National Glioblastoma Awareness Day July 20th, 2022

Jul 19 10:57pm | langegina | @langegina

National Glioblastoma Awareness Day: July 20th, 2022

Glioblastoma (GBM) is the most common primary brain cancer with approximately 13,000 cases diagnosed in the United States each year. It is one of the most complex, deadly, and treatment-resistant cancers.
There is currently no cure for glioblastoma. With a 5-year survival rate around 10%, and a median length of survival after diagnosis of 15-18 months, getting this diagnosis can be extremely overwhelming.
The standard treatment of surgery, radiation and chemotherapy has not significantly changed in several years, and unfortunately, is not curative. Glioblastomas are considered rare compared to other more prevalent cancer types such as breast, prostate, and lung. Because of this, it has not received the same amount of national attention. It is time to bring light to this devastating disease by accelerating brain tumor research!

Glioblastoma Awareness Day takes place each year on the third Wednesday of July. The inaugural Glioblastoma Awareness Day happened July 17th, 2019, after initially introduced to the Senate by a bipartisan group of U.S. Senators. The resolution is to encourage increased public awareness of glioblastoma, honor the individuals who have been impacted by the disease, and support efforts to develop better treatment options that will improve patients’ long-term prognosis.
This disease really hits home with me personally as my dear friend Maggie was diagnosed with Glioblastoma. This obviously came as a shock to her, her family, and all her friends, given her previous good state of health both mentally and physically. Maggie initially thought she was experiencing long term side effects of COVID with slight confusion and difficulty concentrating. It wasn’t until one day when she was teaching that she knew something was wrong. Maggie was in front of her class, and she couldn’t remember the math lesson that she had done numerous times before.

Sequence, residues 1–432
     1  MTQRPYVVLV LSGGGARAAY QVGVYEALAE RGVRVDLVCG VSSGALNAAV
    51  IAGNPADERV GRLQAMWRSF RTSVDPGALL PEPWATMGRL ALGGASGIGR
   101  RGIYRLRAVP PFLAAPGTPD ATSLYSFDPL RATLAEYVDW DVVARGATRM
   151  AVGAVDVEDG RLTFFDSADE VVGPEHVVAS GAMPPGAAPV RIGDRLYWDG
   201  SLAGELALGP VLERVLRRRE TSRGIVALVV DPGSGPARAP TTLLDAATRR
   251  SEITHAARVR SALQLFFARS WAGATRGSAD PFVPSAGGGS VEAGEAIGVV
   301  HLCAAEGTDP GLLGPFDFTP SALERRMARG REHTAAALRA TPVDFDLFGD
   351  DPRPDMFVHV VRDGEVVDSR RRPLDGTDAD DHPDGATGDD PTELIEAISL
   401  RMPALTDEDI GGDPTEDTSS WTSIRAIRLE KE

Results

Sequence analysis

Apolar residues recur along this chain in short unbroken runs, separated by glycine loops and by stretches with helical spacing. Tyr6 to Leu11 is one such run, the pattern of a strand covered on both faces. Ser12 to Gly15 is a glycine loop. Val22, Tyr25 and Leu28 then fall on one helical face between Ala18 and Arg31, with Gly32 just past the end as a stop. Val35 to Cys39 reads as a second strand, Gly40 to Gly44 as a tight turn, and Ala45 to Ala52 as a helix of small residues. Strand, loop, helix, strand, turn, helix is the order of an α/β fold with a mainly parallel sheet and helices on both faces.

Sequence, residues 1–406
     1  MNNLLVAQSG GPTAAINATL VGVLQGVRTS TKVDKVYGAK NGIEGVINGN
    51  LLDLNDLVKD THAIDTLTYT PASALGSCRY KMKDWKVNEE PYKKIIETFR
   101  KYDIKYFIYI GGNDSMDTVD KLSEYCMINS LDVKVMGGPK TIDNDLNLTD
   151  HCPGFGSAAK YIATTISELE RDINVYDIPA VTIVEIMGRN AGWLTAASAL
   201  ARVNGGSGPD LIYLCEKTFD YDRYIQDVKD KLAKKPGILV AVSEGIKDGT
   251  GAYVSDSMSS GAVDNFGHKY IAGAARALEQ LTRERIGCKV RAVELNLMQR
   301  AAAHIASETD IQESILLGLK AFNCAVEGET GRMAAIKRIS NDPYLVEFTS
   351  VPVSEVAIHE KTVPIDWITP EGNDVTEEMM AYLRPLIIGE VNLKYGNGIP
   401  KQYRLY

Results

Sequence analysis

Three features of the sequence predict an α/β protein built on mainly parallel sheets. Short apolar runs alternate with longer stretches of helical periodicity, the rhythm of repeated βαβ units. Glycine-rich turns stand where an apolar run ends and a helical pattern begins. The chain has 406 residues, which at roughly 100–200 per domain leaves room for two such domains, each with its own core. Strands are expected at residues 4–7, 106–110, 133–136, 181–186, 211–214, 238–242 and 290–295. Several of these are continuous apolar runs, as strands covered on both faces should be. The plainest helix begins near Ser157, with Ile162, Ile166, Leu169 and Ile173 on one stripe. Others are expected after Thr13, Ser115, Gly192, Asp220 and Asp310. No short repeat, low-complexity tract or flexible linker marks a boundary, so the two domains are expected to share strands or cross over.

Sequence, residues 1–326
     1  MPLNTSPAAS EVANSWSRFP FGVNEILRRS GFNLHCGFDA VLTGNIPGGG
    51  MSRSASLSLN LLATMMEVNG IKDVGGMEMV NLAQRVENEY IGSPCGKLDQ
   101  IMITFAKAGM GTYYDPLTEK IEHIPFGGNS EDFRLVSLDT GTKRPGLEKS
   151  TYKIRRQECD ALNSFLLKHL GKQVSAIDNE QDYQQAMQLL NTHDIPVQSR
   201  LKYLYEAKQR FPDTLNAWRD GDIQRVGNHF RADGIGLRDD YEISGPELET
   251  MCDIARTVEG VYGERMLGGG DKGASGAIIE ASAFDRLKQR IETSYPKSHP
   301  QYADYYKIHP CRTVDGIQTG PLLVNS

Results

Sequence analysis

I recently was able to sit down with Maggie and ask her insight from a patient perspective. Maggie has had surgery, completed radiation therapy, and is now actively going through chemo and immunotherapy. She stated that although she is diagnosed with brain cancer, she is trying to keep a positive attitude. For the most part, she feels well, which can be challenging in its own way. She is very grateful for her team and feels they have helped her get through treatment by answering her questions and supporting her when needed. She encourages other people to do the same. Maggie is an inspiration to all of those around her. She continues to live her daily life, spend time with her friends and family, and doesn’t complain or wish pity on herself. One thing that Maggie does to keep her mind healthy is she plays a lot of cribbage. She was playing during one of her treatments and was lucky enough to peg a 28 hand. This is the second highest scoring hand in cribbage! Maggie is determined to fight her cancer with the support of her family and her Mayo Clinic team.
Mayo Clinic and other national cancer centers are currently studying new approaches to fight glioblastoma with immunotherapy, a treatment that uses a person's own immune system to attack cancer cells. One such study is the development of a dendritic cell vaccine. We usually think of a vaccine as being given to healthy people to help prevent diseases, such as the HPV vaccine which can prevent cervical, mouth, and throat cancer. However, some vaccines can help treat cancer. This involves boosting cells that produce an anti-cancerous tumor immune response. Other immunotherapy methods under investigation for glioblastoma include (CAR)-T cell therapy and extracellular vesicles. For more information visit Mayo Clinic's website.
We need to create as much public awareness as possible to fight this disease! In the words of Maggie Hongerholt, “It’s not the end until it’s the end so enjoy life.”

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